blending an assortment of thoughts and experiences for my friends, relations and kindred spirit

blending an assortment of thoughts and experiences for my friends, relations and kindred spirit
By Alison Hobbs, blending a mixture of thoughts and experiences for friends, relations and kindred spirits.

Thursday, March 19, 2015

The parent and the child

Chris and I went to his singing lesson and this week we worked on Beethoven's little song, Ich liebe dich. I like it when we do this one because the accompaniment is not too difficult to play. As with several of the songs we practise, it has memories attached. After the lesson, I told Chris what I remembered about this one.

When our children were teenagers, Emma 15 or 16, George 14 or 15, I came home one day to a surprise they'd prepared for me. George, who had only recently started playing the piano, sat down at the keyboard and Emma stood beside him ready to sing. They had found the music by themselves and taught themselves Ich liebe dich, which there-and-then they performed for me. In a welter of thoughts and emotions (which, as usual, I did my best to conceal) I remember thinking, that's it! I have succeeded. I have got my children to the point where they do not need me any more.

It had been my conscious goal from the earliest days of their lives gradually to turn them into self-sufficient human beings and let them go, in preparation for a time when I would no longer be around to support them.

My son and I have been thinking lately about the difference between Western approach to parenting and the Chinese way. Here are two quotations.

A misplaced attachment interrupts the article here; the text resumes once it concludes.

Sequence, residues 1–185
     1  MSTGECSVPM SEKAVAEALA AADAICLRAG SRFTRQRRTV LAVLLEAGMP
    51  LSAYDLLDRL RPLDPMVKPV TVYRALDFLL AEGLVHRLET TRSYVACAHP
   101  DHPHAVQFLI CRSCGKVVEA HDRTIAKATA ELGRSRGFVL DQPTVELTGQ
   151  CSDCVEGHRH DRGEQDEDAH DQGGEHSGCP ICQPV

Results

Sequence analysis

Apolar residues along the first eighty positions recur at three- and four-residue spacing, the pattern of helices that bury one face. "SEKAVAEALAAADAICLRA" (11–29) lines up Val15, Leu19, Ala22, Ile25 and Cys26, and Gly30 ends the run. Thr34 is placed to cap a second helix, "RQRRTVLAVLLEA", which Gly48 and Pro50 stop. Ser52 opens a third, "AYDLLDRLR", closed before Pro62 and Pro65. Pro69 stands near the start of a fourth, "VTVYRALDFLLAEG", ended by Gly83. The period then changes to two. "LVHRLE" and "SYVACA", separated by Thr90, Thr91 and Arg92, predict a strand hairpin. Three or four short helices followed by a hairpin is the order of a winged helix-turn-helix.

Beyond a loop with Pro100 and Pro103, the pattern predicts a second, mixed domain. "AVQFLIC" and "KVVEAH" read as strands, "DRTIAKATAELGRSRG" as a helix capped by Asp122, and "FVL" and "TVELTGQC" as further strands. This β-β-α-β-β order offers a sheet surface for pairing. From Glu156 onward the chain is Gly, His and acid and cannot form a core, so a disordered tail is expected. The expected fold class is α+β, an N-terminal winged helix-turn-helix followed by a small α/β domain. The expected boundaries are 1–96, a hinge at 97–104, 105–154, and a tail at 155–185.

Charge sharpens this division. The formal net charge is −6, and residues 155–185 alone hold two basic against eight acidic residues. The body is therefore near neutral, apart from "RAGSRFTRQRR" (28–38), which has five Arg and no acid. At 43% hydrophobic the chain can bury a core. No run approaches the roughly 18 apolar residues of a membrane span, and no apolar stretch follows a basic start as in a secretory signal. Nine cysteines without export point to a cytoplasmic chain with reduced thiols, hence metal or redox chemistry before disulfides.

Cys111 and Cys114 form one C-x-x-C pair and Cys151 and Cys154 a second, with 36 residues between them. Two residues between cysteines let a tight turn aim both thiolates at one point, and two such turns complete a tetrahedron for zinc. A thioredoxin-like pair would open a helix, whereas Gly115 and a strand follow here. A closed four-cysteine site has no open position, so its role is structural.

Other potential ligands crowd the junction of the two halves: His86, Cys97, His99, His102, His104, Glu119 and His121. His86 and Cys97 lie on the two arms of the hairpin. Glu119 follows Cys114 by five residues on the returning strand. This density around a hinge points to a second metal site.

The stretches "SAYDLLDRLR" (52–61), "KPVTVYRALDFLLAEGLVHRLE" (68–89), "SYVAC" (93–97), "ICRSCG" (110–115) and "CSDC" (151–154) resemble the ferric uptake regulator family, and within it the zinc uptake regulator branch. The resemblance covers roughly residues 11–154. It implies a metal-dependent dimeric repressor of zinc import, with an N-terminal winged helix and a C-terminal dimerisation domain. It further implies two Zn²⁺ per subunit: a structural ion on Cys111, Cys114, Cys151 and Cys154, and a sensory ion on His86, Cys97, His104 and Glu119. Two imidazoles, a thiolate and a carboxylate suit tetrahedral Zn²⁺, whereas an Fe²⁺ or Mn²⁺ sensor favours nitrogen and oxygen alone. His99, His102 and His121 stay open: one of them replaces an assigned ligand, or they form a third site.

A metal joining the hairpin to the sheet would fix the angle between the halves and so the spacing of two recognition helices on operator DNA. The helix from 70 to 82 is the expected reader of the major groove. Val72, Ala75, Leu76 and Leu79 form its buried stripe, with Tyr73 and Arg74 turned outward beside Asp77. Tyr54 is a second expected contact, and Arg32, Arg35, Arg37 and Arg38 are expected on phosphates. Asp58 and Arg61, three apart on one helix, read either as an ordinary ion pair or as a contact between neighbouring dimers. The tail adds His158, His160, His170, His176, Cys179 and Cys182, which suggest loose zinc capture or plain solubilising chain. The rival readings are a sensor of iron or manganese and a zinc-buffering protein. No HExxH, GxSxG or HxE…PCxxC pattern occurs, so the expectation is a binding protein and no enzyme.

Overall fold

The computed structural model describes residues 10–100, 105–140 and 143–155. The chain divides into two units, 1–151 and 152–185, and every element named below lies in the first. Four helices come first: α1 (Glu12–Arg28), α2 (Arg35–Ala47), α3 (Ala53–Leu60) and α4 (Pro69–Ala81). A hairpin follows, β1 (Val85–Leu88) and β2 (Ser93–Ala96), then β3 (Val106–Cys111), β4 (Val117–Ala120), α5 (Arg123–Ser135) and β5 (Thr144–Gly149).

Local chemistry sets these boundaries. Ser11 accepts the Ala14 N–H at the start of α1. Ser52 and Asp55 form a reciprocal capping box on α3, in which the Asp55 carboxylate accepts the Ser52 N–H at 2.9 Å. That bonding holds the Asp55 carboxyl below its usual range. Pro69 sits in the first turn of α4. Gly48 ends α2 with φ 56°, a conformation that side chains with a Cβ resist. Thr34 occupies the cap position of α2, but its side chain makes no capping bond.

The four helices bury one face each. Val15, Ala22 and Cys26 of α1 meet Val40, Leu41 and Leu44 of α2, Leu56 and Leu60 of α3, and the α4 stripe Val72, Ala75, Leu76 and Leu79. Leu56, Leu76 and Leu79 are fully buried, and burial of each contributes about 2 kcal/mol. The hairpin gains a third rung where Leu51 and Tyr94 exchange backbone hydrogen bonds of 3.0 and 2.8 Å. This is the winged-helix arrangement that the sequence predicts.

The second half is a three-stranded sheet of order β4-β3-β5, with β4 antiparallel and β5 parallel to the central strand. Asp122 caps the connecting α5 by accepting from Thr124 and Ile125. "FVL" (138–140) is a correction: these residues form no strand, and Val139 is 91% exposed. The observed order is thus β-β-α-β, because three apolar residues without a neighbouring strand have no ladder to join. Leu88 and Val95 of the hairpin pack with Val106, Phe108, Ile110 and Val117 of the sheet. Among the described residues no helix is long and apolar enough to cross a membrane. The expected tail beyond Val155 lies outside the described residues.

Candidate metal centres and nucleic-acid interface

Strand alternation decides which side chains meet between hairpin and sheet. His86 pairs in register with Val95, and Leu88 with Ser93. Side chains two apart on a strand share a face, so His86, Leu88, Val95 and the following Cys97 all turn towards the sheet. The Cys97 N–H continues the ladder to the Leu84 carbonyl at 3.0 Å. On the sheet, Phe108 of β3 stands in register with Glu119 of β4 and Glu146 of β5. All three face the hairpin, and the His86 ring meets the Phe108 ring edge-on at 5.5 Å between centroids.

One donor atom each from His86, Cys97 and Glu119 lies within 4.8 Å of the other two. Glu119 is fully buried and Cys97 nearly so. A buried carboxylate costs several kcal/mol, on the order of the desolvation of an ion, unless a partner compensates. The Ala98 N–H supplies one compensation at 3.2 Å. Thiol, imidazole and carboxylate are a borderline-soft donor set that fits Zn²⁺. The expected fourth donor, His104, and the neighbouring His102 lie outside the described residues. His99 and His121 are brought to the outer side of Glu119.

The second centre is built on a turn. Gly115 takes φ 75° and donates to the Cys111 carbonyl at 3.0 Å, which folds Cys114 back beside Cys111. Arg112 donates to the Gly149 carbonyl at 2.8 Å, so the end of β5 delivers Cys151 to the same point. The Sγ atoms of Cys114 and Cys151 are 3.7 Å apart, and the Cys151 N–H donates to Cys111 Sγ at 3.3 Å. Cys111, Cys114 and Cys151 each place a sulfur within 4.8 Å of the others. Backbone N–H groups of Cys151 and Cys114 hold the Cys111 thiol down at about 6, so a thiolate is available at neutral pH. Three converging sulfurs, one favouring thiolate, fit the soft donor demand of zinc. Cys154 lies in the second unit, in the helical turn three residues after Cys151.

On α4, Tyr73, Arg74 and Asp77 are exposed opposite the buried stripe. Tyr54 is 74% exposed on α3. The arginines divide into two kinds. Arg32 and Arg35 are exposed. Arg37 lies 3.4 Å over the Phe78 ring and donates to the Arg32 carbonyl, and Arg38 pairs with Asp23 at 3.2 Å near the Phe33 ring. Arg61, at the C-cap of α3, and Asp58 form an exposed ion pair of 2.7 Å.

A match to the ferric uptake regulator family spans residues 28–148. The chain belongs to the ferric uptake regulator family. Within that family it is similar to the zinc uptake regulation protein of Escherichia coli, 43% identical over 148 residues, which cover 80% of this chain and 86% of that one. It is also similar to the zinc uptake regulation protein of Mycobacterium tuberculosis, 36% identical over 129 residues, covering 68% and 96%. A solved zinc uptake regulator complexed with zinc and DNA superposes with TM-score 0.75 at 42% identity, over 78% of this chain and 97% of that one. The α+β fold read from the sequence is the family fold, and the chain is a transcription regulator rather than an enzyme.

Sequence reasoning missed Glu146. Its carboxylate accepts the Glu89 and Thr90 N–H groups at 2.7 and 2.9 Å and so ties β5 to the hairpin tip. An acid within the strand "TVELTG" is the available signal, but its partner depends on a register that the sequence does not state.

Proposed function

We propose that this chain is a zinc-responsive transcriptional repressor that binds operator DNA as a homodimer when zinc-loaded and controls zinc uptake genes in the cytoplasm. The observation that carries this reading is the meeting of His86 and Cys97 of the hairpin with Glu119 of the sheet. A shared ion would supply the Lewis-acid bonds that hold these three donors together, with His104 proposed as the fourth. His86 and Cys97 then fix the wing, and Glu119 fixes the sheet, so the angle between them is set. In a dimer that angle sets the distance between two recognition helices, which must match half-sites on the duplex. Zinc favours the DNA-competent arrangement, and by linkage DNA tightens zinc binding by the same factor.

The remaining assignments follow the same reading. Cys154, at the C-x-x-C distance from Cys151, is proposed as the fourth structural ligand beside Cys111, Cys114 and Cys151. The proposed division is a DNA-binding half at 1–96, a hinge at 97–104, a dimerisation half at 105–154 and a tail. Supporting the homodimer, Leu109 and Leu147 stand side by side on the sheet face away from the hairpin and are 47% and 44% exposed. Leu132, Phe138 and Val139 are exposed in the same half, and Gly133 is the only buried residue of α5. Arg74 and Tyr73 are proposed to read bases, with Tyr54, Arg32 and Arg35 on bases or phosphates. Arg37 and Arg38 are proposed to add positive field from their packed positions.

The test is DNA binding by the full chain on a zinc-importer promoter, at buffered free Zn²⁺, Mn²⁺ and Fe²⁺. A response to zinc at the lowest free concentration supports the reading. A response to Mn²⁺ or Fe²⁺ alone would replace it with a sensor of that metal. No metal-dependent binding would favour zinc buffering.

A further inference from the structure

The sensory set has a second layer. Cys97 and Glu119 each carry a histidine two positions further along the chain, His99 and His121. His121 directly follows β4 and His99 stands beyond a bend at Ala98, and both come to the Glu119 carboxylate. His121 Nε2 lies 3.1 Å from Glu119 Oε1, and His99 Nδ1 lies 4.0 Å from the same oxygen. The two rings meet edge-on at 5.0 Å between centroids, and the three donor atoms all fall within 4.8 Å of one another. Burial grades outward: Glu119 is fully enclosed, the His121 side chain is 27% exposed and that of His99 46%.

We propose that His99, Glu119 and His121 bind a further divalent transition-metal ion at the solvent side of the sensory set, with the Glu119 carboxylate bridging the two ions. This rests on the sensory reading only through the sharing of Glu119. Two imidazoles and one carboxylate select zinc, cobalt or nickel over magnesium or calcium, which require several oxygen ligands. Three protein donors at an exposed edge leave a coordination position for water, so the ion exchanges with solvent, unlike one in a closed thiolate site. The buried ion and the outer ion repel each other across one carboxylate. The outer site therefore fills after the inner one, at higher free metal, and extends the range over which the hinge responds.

From Amy Chua’s Battle Hymn of the Tiger Mother (George sent me this book for Christmas):
Chinese parents believe that their kids owe them everything […] Chinese children must spend their lives repaying their parents by obeying them and making them proud. [...] My parents always paid for everything, but fully expect to be cared for and treated with respect and devotion when they get old. [...] Westerners believe in choice; the Chinese don’t.
From Elaine Lui’s Listen to the Squawking Chicken (lent to me by a friend after I'd told her about the Tiger Mother book):
In Chinese culture, children have to be good to their parents. For the Chinese, Filial Piety is considered the fundamental cornerstone of an enlightened civilization [and] dictates every action. It is the original building block of Confucian philosophy and therefore the defining virtue in Chinese culture: our primary objective in life is to respect our parents and our ancestors. [...] Filial Piety is a lifelong requirement. It is every child’s duty to respect the parent, to support the parent, and to bring pride and honour to the parent. Filial Piety puts the onus on the child and not the parent.
   This is the critical difference between Chinese and Western parenting philosophy. Modern Western parenting emphasizes the child over the parent. Being a parent is widely accepted as the most selfless of human acts. A mother wants only the best for her child––to provide opportunities for her child to achieve her dreams, to accomplish her goals, to live her best life possible––with no reward in return. A child is encouraged to pursue her own objectives independently. The parent is happy if the child is happy. According to the tenets of Filial Piety, however, the situation is reversed: a child can only achieve true happiness when she has successfully secured the happiness of her parents.

No comments: